A Brief History of Antivirus Software

by Keith Williams

People that have been around computers and the Internet since their inception are probably a little more familiar with where certain products like antivirus software came from. However, all new computer users probably have no idea why antivirus software came into existence or what purpose it serves, all they really know is that it is recommended as a security software program and from what they've heard they need it on their system. What most people don't realize is that regardless of whether or not you know why it was invented, or what it is intended to be used for, if you don't use it properly it will be ineffective.

At the onset of the computer age, somewhere around the early 1980s, personal computer systems were offered commercially for customers to purchase and use at home. During these early stages there were very few viruses on the Internet. This information resource was new to everybody, and most people simply wanted the freedom to perform like-minded business tasks from the comfort of their home. Early versions of computer related viruses were in the form of email attachments and were self-replicating software programs that were designed to be more of a nuisance than anything else. They were troublesome to deal with, yet they hardly caused the problems we see viruses creating today.

It was during the mid to latter half of the 1980s that personal computers really took off, both commercially as well as at the office. Typewriters that had served a useful purpose for so many years began being replaced by fully functional computer systems that could do the same job in half the time and had the added advantage of storing the document for future corrections and editing procedures. With all of these new systems coming online there were now an abundance of suitable targets for programmers to aim their viruses towards, and things really started to get ugly for personal computer users as well as for companies that had begun using these computers in the office place.

In these early stages information was usually transferred from one computer to another by way of floppy disks since most of these computers were not online in the home, only in the office. Therefore little antivirus protection was required. All a person had to do was protect their floppy disks and they were relatively safe. Computer virus developers originally designed their devices to corrupt a system or the data stored on them. Therefore backing up a system often usually alleviated the need for additional security. Some software companies recognized the need for antivirus software protection and began developing adequate security programs to help eliminate these pesky virus infections.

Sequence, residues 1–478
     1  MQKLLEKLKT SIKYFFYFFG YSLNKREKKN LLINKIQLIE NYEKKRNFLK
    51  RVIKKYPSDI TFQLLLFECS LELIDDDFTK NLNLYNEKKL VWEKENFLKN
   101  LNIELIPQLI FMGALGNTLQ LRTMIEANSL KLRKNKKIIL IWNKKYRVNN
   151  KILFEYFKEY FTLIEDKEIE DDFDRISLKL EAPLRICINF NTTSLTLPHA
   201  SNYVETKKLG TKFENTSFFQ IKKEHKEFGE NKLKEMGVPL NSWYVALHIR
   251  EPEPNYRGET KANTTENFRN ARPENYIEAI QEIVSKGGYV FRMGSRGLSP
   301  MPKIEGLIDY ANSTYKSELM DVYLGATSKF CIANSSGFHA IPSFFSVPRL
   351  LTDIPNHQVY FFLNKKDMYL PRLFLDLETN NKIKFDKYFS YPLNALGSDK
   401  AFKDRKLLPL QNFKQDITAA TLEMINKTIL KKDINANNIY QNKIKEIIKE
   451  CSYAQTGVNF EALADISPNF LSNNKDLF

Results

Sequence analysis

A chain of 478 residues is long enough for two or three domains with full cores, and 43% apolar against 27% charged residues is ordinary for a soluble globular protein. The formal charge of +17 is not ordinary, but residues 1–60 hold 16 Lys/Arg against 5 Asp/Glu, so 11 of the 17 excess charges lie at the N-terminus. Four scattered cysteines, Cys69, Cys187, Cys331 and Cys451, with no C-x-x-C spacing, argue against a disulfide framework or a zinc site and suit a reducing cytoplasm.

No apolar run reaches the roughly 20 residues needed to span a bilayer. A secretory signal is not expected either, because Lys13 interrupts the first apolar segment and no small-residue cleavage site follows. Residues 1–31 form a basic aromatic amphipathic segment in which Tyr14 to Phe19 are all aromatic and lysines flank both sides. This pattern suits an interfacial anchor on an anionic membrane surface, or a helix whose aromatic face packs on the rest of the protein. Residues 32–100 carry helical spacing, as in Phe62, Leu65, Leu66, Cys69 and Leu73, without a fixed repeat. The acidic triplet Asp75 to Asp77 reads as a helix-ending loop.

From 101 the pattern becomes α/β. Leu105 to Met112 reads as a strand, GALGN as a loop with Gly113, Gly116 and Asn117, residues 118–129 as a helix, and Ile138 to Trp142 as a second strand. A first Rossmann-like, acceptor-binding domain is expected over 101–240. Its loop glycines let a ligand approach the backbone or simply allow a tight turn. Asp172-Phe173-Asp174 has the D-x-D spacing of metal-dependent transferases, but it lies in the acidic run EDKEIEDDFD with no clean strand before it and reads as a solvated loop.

It wasn't until people started copying infected files to floppy disks from the office computer to use on their personal computers at home that viruses really became a major problem. Once more and more home computers started coming online and accessing the Internet the problem of computer viruses began to escalate and the need for better antivirus protection became evident.

Early antivirus software programs were very simple in nature and continue to be so even today. When these products first became available they were seldom updated and in essence were basically ineffective once a new virus was launched. Antivirus software companies came out with a new version once a year that was basically able to deal with the viruses that were detected the year before. As the technology for writing computer programs continued to increase, so did the penchant for rogue computer programmers to invent newer viruses, which simultaneously meant that antivirus companies needed to establish better techniques in designing their software programs. Antivirus software today, although much better than their predecessors, still has a lot of the same problems. The technology used to write these programs is ineffective against new zero day viruses, which ultimately means that virus creators will always have the upper hand in this ongoing battle.

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